From: Larry Miller (firstname.lastname@example.org)
Date: Fri Jun 09 2000 - 13:49:30 PDT
I do not see the connection (pardon the pun) between your references below
and measuring PCB impedance.
Our network analyzers have a 50-ohm impedance on the inputs and outputs. In
order to measure return loss (S11) on another impedance-level system you
need some kind of matching network. For example, we often have to measure
S11 for Ethernet Unshielded Twisted Pair (UTP, Category 5 cable) systems. To
do this we have to match the 100 ohm impedance of the system under test to
the 50 ohm impedance of the analyzer. We usually use precision baluns to do
this, since the 100 ohm system is also balanced to ground and the 50-ohm
tester is coax-- unbalanced.
Dr Johnson's point was that the PCB impedance is so low relative to any
feasible S11 test instrument that you have an impossible situation coupling
the instrument to the board. The impedance mismatch is so great that the
directional couplers used for an S11 measurement will not work correctly.
Think about how you calibrate a network analyzer: you apply 1) an
open-circuit, 2) a short circuit and finally 3) a (presumably) matched load.
In the case of a PCB, at the frequencies of interest there is virtually no
difference between the short circuit (2) and the matched load (3) (compared
to 50 ohms), so your measurement will have very poor resolution.
However, you can easily measure the transfer V-I characteristic. (I forget
whether this is actually S12 or not). Since the generator is operating into
a virtual short circuit the input current is just the generator voltage
divided by 50 ohms, and you measure the resulting voltage. Whatever you call
this (transfer impedance or whatever), it is easily measured over frequency
by a decent network analyzer. (I say "decent" because the limiting factor is
the receiver signal-to-noise ratio.)
I too do not know exactly why a time-domain instrument was mentioned, other
than it would let you use an oscilloscope as a receiver.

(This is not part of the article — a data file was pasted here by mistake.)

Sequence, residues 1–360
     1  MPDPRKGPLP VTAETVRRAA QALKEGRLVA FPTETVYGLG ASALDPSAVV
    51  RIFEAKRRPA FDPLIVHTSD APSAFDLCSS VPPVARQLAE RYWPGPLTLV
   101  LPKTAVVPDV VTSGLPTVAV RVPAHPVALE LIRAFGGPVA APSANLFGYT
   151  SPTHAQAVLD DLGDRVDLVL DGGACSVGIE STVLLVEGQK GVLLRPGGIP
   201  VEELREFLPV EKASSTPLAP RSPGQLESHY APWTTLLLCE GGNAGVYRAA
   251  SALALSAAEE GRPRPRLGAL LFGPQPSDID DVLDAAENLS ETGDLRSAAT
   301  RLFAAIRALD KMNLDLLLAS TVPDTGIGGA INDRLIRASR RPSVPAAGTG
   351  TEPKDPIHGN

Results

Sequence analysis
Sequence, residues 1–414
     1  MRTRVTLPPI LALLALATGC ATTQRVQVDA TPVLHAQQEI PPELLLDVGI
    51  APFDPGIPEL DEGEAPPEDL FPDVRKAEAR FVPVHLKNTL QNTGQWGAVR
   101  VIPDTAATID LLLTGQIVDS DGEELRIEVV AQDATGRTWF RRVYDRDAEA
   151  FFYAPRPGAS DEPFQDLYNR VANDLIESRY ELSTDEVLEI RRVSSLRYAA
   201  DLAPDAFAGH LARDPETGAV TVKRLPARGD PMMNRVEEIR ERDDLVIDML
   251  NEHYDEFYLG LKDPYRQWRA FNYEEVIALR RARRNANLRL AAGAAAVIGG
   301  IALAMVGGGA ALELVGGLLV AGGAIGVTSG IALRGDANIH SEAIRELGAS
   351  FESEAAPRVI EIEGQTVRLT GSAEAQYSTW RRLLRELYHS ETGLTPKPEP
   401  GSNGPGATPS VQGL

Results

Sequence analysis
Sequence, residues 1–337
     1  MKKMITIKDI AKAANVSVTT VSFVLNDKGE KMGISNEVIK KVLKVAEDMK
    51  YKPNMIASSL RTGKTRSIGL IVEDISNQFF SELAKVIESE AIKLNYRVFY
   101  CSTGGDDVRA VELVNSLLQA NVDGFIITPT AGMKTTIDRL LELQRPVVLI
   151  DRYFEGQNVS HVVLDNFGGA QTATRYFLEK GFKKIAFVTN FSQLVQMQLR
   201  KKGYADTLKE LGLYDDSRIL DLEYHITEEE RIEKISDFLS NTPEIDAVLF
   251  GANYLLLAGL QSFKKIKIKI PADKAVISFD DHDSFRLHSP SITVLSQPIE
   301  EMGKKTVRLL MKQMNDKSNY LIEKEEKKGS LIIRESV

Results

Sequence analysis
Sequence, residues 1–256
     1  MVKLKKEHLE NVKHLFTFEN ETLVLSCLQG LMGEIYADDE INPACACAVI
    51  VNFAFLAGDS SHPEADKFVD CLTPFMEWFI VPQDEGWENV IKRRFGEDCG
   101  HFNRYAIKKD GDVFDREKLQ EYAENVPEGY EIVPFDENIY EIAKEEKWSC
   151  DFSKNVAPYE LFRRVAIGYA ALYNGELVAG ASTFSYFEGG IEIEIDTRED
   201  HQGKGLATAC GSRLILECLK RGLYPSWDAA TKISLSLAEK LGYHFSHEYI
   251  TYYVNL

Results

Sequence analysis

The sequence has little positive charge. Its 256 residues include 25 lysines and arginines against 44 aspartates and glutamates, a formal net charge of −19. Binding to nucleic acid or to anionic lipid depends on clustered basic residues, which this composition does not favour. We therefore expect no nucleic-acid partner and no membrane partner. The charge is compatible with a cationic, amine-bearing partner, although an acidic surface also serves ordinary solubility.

> -----Original Message-----
> From: Barry Ma [SMTP:email@example.com]
> Sent: Friday, June 09, 2000 8:56 AM
> To: Miller, Larry [SC7:322:EXCH]
> Cc: firstname.lastname@example.org
> Subject: RE: [SI-LIST] : Upper limit of interplane capacitance
> Yes, you are right. Many people investigate their PCB by using Vector
> Network Analyzer (VNA) with two cables. In the article you forwarded,
> Howard Johnson suggested using VNA in Time Domain to take place of TDR
> (Time Domain Reflector). Todd Hubing et al used VNA, too, in their paper
> "An Experimental Investigation of 4-layer PCB Decoupling", EMC Symposium
> 1995, pp. 308-312.
> In our case measuring the frequency response of pwr/gnd planes of PCB, we
> would like also to use VNA. What I suggested is to measure S11 with VNA by
> soldering a probe cable directly to two very closed Vcc and Gnd bonding
> pads on the PCB. (see the Figure in EDN magazine:
> http://www.ednmag.com/ednmag/reg/2000/03302000/pdfs/07john1.pdf ).
> Having connected the cable to Port 1 of VNA, the planecap becomes an
> unknown load being tested. The S11, thus the impedance of the interplane
> capacitance of pwr/gnd planes, would be shown in a Smith Chart in the VNA
> screen over a wide frequency range.
> BTW, a hand-held battery-powered (VNA + Spectrum Analyzer) has been on the
> market. Want to know the detail? Send me a short note off-line to me at
> From the frequency response of S11 in the Smith chart, we are able to tell
> what is the upper limit for the operating frequency of interplane
> capacitance. IMHO, we don't need to measure S21 or S12, as Dr. Johnson and
> Dr. Hubing did in their articles. They investigated transmission
> properties along a PCB using two cables, one sending signal from Port 1 of
> VNA, and the other receiving signal for Port 2 of VNA. For our simpler
> task, however, measuring S11 with only one cable is enough.
> In addition to the planecap, we may use the hand-held (VNA+SA) to
> investigate many other important features of power distribution system in
> the PCB in the one-cable configuration, as shown in the Figure:
> - Vcc noise. (See
> - Can we reduce the decoupling capacitor number? People usually put too
> many. ...
> - Appropreate locations of decap. Closer is better? Or can be shared by
> other ICs.
> - What is the boundary of planecap and decaps.
> How to use VNA in Time Domain, as suggested by Howard Johnson, is also an
> interesting topic. I'd like to invite a discussion either on-line or
> Barry Ma bma@ANRITSU.com
> Anritsu www.anritsu.com
> Morgan Hill, CA 95037
> Tel. 408-778-2000 x 4465
> Best Regards,
> Barry Ma <email@example.com>
> ANRITSU www.anritsu.com
> Morgan Hill, CA 95037
> Tel. 408-778-2000 x 4465
> Why pay when you don't have to? Get AltaVista Free Internet Access now!
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